MELBOURNE, Australia - National Mutual Life Association, Australia's second largest life insurance and superannuation group, has bared its soul financially in a desperate attempt to get approval for the sale of 51% of the mutually owned group to France's AXA group for A$1.1 billion (U.S. $870 million).
In an extraordinarily detailed and revealing financial document, National Mutual has presented the proposed deal with AXA S.A. to its policyholders/owners, offering them a bonus of free shares when, as National Mutual Holdings, the group lists on the Australian Stock Exchange within two years.
Holders will get an average of 700 to 800 shares, worth about A$1.25 each based on AXA's purchase price, in return for relinquishing control of the group. The deal requires 75% approval of those voting at a special meeting Aug. 8.
But what seemed like a rescue by AXA a few months ago has turned into a nightmare as Australian public opinion continues to rage against the resumption of France's nuclear tests in the Pacific in September.
Now, some fear anti-French sentiment will bring out those policyholders who oppose the plan.
As a result, National Mutual pulled out all of the stops in its June 26 explanatory memorandum. The firm disclosed it urgently needs a A$600 million (U.S. $432 million) injection of capital reserves to meet the requirements in the new Life Insurance Act that took effect July 1.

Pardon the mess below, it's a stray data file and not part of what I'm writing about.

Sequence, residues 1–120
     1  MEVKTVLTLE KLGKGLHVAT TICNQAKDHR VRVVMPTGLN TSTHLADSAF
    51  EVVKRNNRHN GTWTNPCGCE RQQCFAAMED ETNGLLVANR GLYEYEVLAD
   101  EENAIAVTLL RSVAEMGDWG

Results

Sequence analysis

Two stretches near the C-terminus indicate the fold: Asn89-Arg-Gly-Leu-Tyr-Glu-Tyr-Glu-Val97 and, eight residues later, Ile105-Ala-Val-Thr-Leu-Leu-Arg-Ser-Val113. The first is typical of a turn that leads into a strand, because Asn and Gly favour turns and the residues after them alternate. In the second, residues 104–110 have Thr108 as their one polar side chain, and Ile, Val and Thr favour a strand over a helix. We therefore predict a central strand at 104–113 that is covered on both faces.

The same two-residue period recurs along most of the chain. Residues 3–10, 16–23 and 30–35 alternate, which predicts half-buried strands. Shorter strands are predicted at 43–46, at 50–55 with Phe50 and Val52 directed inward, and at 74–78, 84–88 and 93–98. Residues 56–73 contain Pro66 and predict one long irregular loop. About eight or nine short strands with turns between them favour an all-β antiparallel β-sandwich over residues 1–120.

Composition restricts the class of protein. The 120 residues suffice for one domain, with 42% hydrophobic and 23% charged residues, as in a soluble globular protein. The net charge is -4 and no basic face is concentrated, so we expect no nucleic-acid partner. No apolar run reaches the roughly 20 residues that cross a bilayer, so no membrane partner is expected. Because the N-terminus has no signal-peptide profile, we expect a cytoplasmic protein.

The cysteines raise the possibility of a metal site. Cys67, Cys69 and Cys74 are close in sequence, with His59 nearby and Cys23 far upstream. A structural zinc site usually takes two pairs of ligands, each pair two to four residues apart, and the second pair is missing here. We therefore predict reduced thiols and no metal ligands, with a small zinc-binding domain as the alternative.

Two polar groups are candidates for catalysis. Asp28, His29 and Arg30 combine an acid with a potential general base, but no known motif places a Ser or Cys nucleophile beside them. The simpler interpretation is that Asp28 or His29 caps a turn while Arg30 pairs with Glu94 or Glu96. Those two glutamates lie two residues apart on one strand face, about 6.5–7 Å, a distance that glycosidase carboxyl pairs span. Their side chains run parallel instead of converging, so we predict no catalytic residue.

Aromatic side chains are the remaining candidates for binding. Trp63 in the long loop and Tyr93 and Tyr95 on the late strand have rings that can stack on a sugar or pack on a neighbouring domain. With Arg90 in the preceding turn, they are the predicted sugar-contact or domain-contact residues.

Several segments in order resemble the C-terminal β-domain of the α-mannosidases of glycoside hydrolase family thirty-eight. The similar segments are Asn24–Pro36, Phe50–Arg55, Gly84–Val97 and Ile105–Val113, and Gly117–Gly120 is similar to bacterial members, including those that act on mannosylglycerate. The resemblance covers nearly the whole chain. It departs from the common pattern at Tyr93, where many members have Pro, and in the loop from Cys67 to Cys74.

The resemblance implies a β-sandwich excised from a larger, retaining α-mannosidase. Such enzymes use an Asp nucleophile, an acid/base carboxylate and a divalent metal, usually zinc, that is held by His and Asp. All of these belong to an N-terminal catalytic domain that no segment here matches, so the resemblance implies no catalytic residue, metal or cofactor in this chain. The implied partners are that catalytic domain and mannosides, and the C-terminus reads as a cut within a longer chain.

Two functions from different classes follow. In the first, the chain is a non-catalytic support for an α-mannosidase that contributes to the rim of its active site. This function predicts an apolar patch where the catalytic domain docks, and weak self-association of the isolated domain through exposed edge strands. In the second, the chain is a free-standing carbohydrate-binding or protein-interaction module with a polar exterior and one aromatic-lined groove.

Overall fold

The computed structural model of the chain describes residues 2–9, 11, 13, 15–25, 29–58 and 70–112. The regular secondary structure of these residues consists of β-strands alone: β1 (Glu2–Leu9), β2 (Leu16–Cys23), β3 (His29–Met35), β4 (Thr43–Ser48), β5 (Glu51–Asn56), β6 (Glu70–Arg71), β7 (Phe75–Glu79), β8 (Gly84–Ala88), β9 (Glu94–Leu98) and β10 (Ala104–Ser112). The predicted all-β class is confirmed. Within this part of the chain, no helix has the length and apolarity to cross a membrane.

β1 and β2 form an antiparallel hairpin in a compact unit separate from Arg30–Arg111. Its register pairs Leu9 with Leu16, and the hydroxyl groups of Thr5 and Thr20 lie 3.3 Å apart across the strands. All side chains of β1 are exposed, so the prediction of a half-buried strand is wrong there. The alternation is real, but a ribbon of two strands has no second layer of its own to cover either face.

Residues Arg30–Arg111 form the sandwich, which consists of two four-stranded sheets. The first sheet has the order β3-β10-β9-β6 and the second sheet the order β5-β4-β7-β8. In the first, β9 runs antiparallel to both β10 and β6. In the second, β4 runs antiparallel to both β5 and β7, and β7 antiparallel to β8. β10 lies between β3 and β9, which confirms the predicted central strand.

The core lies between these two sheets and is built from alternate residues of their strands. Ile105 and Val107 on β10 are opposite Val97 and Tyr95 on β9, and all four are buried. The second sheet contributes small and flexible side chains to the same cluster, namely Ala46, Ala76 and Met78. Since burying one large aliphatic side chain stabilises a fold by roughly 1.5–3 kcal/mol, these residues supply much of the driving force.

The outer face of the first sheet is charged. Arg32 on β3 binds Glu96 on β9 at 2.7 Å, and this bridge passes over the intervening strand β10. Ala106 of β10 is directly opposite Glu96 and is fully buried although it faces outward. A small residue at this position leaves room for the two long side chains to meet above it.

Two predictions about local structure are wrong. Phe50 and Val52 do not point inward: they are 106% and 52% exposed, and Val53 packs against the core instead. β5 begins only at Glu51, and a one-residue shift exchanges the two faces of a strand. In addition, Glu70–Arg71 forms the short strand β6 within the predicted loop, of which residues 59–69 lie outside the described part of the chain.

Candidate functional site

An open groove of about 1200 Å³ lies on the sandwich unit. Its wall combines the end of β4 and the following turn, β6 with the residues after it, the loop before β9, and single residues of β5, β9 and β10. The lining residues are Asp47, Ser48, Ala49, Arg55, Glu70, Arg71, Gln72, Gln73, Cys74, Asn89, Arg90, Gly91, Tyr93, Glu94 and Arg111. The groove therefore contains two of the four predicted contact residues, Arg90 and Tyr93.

In this sense, the deal with AXA has become critical. Starting in mid-1994, National Mutual began a search for potential partners or purchasers and identified 37 potential strategic investors in Australia, New Zealand, Europe and North America.
The list was narrowed to eight specific proposals, some of which didn't include subscribing new equity. Geoff Tomlinson, a managing director at National Mutual, believes the AXA proposal was by far the best proposal of the lot.
It's also virtually the only possibility for National Mutual because the time for the injection of reserves is becoming tighter. And, under the terms of the AXA arrangement, if the deal isn't approved by policy holders, National Mutual cannot start negotiating with other parties until the end of this year.
By then, with the unfavorable financial details spelled out in the documents, National Mutual would be in a very weak negotiating position.
An assessment by actuaries Trowbridge Consulting, Melbourne, shows National Mutual's net worth fell to A$560 million in 1992 from A$1.68 billion in 1988 as a result of an expensive battle for capital guaranteed business and a mauling from writedowns of property and other investment holdings.
If the AXA deal is successful, independent financial experts Ernst & Young estimated the group would have a restored value of A$2 billion to A$2.3 billion.
That would still be well below valuations put on National Mutual in 1990 when ANZ Bank, Melbourne, was prepared to pay A$3 billion for half of the group , valuing the whole group at more than A$6 billion.
But the deal was vetoed by the federal treasurer at the time, Paul Keating, as part of a policy that discouraged large bank-life office mergers.